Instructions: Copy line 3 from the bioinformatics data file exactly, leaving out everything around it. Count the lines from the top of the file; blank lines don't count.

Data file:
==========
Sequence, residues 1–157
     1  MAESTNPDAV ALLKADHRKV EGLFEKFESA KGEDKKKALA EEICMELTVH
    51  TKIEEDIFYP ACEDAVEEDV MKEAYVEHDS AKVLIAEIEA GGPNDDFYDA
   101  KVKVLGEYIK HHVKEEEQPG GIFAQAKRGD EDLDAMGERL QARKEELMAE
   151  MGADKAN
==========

    51  TKIEEDIFYP ACEDAVEEDV MKEAYVEHDS AKVLIAEIEA GGPNDDFYDA